Monday, November 24, 2014

Celebrating William F. Buckley, Jr.

on Firing Line 1971
Today would have been William F. Buckley, Jr.'s 89th birthday. He was a great man--not only because of his brilliance in political debate, thinking and writing, but because he was genuinely a kind, loving man. I was blessed to have his friendship for almost 40 years. He was unfailingly encouraging, generous and kind. Thank you, Lord, for giving us Bill Buckley.
"So during those moments when doubt will assail you, moments that will come as surely as the temptations of the flesh, I hope you will pause. I know, I know, at the most hectic moments of one's life it isn't easy--indeed, the argument can be made that neither is is seemly--to withdraw from the front line in order to consider the general situation philosophically. But what I hope you will consider, during these moments of doubt, is the essential professional point: Without organized force, and the threat of the use of it under certain circumstances, there is no freedom, anywhere. Without freedom, there is no true humanity."
(from "John Kerry's America" a commencement address at the United States Military Academy, West Point, N. Y., June 8, 1971 in Let Us Talk of Many Things)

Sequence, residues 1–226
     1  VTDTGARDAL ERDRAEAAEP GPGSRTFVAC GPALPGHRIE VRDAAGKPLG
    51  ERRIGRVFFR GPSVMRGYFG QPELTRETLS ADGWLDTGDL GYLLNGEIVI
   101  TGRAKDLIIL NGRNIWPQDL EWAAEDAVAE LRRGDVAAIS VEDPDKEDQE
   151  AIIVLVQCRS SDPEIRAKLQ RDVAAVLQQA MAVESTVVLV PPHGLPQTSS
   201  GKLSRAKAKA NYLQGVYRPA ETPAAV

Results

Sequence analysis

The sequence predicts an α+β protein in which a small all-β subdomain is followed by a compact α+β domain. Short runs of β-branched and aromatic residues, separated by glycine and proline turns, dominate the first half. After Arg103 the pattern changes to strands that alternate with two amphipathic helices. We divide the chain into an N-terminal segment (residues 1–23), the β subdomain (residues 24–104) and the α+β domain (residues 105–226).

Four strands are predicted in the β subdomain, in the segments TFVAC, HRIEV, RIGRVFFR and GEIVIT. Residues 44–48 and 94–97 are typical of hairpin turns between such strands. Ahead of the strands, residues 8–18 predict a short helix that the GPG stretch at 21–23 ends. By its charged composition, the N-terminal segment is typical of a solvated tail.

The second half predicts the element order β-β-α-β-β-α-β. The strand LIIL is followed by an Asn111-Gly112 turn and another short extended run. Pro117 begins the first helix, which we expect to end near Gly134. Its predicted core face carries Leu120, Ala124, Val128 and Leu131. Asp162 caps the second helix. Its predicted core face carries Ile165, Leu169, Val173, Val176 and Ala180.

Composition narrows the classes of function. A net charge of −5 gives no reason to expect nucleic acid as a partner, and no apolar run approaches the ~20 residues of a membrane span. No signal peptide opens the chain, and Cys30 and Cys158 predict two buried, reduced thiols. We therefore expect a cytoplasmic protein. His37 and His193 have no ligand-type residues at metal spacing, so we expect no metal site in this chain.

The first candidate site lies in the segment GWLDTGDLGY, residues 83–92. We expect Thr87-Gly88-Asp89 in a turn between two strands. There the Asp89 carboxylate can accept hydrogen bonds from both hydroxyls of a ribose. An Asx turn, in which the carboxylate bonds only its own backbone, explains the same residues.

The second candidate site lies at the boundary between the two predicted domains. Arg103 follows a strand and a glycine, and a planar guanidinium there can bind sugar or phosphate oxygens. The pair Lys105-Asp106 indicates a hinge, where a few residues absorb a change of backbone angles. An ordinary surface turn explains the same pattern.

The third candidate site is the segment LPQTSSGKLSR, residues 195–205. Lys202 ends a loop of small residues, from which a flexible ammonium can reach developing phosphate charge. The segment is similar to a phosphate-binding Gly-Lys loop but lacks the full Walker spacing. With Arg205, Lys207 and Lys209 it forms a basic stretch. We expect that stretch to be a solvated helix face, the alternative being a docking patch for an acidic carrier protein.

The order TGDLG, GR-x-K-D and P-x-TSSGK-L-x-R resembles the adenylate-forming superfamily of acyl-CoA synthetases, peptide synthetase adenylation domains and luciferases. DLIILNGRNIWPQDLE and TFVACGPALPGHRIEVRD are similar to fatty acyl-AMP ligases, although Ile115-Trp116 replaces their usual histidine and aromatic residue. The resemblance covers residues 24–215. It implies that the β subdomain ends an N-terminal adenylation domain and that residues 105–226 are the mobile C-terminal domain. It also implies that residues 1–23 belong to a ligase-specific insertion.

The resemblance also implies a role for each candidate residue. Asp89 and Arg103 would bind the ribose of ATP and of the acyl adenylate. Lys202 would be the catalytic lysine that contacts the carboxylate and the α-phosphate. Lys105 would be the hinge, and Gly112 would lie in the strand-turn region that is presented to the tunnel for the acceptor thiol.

OregonGuy said...

"The Jeweler's Eye" is still on my bookshelf.

T. D. said...

That's a good one, OG! I think it was my second book of his after _Rumbles Left and Right_.

MAX Redline said...

Interesting, TD! I'd no idea that you knew the man, much less were friends. He was one of the greats, and we could surely use him now.

T. D. said...

Yes, Max, it was one of the sweet blessings of my life. I went to grad school in NYC and got to go to Firing Line tapings during the time there. The friendship took off when I returned to Portland and we started corresponding.

We certainly could use him now. He had a way of cutting to the central political and moral point of the issues he wrote or talked about.

In personal conversation he didn't talk about himself unless directly asked a question, but was interested in the person he was talking to and the issues that person wanted to talk about. Not humble in attitude but very humble in content.

MAX Redline said...

How incredibly fortunate for you, TD! His intellect is sorely needed today.

T. D. said...

If he were in charge of National Review, I would still be reading it. It has become niche conservative rather than big tent conservative after his passing.